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Six social media commenting principles, how they don’t work and an alternative broadcast system

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The development of comments on social media – by which I mean responding to any internet text, such as a tweet, Facebook post or blog – appears to have coalesced around six principles. The origin and intention of these principles is ambivalent, but they are easily abused by anyone acting in bad faith.

The six principles are:

  • Congregation. Comments should appear in the same space – post or wider platform – as the original text
  • Amplification. Comments should amplify the original text (through mechanisms such as retweets and algorithmic suggestions)
  • Frictionless posting. Comments should be easy to add
  • Democracy. Comments should be democratic. Anyone can comment on anyone else’s post.
  • Freedom of speech. Comments should be moderated defensively to encourage “free speech”. Some blogs allow text authors to moderate pre-publication; the big platforms don’t allow any author moderation at all, relying on users to make a complaint and the platform to take action.
  • Signification. Signals – such as likes, thumbs, favourites, stars – have value: they’re easy to add, indicate the use of a post, provide feedback for authors etc.

There’s a mix of influences in these principles: part 60s anarcho-libertarianism, part academic synthesis and a large dash of cold, hard profiteering – the more people engage with social media in any way at all, the more data you can harvest from them. Regardless of how they’ve evolved, the way social media does comments often results in harmful outcomes:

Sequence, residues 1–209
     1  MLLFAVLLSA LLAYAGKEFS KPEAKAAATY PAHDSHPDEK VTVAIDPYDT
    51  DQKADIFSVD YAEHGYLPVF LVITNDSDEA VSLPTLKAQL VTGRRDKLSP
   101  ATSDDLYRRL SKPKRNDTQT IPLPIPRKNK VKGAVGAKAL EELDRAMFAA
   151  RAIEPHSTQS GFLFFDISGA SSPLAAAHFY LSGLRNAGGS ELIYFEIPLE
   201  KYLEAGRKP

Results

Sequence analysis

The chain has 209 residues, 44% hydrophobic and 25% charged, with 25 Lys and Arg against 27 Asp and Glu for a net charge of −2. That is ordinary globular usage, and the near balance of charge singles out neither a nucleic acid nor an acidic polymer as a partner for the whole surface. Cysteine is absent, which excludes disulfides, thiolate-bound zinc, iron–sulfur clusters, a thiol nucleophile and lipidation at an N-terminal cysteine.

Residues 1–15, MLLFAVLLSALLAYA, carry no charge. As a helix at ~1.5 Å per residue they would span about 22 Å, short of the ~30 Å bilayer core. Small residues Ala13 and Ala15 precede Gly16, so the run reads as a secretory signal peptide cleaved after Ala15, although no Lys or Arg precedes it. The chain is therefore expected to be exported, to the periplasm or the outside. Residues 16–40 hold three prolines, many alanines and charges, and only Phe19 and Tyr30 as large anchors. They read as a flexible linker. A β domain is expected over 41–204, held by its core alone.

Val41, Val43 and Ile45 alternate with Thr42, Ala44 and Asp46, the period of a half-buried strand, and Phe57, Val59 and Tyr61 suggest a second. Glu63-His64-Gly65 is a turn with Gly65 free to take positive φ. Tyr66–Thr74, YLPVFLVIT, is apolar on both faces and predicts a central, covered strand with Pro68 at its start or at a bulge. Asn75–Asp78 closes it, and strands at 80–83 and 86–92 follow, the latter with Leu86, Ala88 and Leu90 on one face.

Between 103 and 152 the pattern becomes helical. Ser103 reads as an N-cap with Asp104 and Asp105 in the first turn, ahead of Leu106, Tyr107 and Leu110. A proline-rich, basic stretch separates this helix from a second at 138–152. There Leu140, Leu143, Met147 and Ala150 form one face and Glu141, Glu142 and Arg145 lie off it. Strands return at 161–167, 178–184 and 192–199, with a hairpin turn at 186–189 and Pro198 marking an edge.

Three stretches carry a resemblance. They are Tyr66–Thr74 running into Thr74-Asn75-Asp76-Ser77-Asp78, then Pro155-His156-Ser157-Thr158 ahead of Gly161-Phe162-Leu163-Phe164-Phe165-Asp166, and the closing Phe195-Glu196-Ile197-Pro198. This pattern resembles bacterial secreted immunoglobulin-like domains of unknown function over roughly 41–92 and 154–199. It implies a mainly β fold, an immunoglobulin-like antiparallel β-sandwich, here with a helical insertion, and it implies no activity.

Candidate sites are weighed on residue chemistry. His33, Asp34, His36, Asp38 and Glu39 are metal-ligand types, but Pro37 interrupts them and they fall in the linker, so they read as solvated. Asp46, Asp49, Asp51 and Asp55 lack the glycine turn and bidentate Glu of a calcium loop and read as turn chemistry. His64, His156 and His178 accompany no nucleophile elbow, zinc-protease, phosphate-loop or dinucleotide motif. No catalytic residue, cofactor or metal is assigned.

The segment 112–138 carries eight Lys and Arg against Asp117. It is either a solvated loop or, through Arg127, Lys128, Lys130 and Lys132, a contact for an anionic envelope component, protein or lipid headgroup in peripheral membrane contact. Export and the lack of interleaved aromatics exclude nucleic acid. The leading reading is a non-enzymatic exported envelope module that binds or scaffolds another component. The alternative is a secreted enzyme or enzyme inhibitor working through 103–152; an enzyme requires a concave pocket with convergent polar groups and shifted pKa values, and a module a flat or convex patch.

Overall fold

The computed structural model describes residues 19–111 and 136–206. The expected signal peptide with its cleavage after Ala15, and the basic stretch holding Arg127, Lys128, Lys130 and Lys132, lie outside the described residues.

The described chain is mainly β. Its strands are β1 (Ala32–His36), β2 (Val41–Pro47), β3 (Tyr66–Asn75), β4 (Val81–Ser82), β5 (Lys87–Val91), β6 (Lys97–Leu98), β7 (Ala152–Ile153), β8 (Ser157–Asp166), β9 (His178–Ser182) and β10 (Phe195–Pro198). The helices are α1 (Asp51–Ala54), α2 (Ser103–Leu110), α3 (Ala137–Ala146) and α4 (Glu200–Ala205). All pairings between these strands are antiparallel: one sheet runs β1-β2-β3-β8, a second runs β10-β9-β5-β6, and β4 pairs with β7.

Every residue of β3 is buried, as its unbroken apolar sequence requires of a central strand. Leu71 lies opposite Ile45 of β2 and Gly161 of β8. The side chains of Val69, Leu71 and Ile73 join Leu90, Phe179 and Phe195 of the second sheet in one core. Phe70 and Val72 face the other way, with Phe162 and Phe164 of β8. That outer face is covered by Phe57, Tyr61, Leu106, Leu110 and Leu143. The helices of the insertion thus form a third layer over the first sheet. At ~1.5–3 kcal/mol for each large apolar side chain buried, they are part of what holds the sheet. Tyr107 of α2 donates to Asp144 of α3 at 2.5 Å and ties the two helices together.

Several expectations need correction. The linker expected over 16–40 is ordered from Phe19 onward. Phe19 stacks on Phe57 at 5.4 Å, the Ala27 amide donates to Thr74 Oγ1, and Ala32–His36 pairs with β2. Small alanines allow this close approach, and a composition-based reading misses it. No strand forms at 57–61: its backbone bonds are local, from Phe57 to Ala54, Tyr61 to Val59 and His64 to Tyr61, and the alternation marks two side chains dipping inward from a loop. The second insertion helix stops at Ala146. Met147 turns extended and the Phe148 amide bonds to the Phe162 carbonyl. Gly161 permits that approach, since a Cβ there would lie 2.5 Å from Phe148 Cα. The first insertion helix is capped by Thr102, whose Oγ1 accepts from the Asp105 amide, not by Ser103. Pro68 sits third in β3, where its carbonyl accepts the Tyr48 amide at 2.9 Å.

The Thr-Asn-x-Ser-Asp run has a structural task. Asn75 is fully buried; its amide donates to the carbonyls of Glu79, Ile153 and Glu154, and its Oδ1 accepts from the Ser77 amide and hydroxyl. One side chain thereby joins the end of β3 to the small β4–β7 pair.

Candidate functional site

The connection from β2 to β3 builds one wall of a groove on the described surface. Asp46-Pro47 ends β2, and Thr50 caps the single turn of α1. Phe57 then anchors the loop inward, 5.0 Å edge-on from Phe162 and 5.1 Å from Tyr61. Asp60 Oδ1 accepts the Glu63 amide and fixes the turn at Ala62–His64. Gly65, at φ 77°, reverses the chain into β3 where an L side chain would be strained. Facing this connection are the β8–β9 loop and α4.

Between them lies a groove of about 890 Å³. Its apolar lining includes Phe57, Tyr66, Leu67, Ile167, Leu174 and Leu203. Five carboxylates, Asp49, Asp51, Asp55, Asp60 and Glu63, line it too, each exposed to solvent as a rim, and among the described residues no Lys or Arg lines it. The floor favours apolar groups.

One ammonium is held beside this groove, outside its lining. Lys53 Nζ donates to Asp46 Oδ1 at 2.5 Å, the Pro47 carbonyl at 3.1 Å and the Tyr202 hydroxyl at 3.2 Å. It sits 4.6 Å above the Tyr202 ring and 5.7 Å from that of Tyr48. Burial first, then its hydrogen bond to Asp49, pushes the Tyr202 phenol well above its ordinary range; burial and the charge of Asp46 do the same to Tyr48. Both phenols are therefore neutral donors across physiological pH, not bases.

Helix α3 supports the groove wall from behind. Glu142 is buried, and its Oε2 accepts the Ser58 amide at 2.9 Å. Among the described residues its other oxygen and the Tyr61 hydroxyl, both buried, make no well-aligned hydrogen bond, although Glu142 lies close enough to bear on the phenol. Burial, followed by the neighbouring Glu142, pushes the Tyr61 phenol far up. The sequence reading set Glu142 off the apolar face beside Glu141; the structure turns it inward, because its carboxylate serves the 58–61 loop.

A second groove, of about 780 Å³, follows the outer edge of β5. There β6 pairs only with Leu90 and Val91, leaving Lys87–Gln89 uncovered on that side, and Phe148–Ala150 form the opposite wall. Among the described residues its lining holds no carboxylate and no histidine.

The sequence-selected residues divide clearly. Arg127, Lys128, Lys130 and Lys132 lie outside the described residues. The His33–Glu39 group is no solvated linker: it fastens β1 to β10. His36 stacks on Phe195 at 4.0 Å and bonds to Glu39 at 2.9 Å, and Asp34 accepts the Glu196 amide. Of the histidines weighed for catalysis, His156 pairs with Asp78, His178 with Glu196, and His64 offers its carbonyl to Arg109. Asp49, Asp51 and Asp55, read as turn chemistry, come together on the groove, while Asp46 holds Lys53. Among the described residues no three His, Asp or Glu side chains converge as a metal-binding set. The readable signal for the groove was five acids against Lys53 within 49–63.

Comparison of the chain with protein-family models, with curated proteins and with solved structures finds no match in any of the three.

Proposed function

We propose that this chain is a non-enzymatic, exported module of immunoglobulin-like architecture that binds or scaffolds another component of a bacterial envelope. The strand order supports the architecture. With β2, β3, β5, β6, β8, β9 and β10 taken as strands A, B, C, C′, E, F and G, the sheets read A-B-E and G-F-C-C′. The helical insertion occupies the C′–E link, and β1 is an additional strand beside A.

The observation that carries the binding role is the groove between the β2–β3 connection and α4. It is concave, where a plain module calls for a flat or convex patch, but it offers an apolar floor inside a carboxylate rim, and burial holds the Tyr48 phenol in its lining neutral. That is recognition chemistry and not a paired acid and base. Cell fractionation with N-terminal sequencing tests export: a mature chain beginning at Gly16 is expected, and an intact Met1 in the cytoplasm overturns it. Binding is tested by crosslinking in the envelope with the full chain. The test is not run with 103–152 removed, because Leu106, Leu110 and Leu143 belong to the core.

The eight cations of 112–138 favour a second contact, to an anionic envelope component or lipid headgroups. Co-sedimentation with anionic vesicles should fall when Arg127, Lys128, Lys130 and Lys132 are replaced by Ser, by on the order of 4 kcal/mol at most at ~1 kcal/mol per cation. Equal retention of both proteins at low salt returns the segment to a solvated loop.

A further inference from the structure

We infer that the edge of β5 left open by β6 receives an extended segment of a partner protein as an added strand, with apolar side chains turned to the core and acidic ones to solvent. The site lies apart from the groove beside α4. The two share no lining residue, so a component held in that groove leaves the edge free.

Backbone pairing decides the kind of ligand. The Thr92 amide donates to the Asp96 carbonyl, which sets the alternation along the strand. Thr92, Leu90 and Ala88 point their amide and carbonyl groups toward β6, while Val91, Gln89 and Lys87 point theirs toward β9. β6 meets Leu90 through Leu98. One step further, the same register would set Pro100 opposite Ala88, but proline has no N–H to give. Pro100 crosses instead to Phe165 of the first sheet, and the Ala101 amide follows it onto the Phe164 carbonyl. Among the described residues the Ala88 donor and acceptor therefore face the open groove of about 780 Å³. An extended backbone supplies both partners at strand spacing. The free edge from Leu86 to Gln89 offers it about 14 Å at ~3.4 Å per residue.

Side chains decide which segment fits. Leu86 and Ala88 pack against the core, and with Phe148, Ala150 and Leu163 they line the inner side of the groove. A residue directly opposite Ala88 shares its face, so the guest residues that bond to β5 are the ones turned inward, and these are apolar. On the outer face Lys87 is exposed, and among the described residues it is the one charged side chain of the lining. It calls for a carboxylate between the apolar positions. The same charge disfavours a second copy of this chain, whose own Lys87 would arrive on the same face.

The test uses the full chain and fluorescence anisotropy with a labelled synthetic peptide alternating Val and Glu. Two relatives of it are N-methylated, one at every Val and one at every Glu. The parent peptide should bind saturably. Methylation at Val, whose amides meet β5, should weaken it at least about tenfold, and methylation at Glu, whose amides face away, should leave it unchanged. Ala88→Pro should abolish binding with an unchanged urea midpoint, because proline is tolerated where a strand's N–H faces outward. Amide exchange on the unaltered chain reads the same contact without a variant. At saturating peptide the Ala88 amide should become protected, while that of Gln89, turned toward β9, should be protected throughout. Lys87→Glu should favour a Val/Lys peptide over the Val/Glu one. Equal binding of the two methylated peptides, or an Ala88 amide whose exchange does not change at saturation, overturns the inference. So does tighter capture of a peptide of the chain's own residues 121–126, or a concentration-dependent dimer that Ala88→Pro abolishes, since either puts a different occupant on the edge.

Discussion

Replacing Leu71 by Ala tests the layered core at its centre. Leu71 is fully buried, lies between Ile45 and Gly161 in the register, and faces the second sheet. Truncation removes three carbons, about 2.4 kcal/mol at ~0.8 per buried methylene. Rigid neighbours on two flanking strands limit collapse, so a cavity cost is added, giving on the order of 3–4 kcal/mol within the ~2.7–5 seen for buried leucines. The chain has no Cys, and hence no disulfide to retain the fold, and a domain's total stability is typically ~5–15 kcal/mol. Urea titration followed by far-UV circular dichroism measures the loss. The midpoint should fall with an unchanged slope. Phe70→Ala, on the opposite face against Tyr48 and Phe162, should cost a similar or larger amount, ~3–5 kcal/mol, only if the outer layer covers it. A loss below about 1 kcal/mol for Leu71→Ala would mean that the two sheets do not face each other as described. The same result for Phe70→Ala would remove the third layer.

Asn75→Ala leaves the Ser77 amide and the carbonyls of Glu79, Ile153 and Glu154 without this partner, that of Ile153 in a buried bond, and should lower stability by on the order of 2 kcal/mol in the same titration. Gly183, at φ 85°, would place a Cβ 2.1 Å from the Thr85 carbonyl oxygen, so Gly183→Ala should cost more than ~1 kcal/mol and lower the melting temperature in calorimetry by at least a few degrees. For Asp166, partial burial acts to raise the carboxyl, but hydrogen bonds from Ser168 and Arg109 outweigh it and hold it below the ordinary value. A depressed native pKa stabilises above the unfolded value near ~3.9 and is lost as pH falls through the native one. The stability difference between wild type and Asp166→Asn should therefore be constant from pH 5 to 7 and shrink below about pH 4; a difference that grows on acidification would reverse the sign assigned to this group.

• By allowing anybody to attach comments directly to a post, it’s easy to “pile in” on an author in a co-ordinated fashion.
  • By allowing amplification through mechanisms such as retweeting, a localised disagreement can escalate into a major, internet-wide war within hours.
  • Signal responses ensnare users through an ultra-efficient process of feedback and excitement.
  • Similarly, frictionless responding encourages engagement with the platform, while making it easy to post something the user may soon regret. Good luck deleting your ill-judged thought from the record.
  • A wilfully un-nuanced interpretation of free speech allows for the normalisation of far-right views.
  • A “light-touch”, post-publication moderation system makes it difficult to delete posts that, while being fascistic and/or downright harmful, generate engagement and therefore profits

Comments can be done differently, but it probably means foregoing some of these principles. I’ve had a not entirely serious Twitter alternative on my mind recently, which I’ll call Broadcast:

  • No congregation. Users can tweet in the normal way, but comments are not appended to texts. You can respond to a text, but your response will only appear in your own stream as a separate post, or elsewhere: on your own website, perhaps. The original author will remain blissfully unaware of the comment, unless they follow the commenter and notice it, or they discover it another way.
  • More commenting friction. While posting itself should remain easy, commenting involves writing your own post and linking to the source.
  • No amplification. Which means: no retweets and no platform attempts to surface “engaging“ content, or people you might like to follow. A strict chronological timeline too :-)
  • No signals. No likes, laughs, thumbs-up or anything. This extends to user bios: no follower lists or follower totals. You can refer to another users’ page with the @ syntax so your followers can find them, but the user isn’t notified about the reference.
  • No direct communication via the platform. There’s no way to DM or respond to authors. Users can provide a website address, or even an email, in their bio if they wish.

It’s odd thinking of posting into silence (welcome to blogging!) Centralised platforms offer advantages over a federated system – mainly because they make it easier to follow people – but their commenting protocols are too open to abuse. Perhaps a broadcast platform where users are isolated from each other would remain healthy, although it’s easy to conclude that any form of online comments will end in some of abuse.

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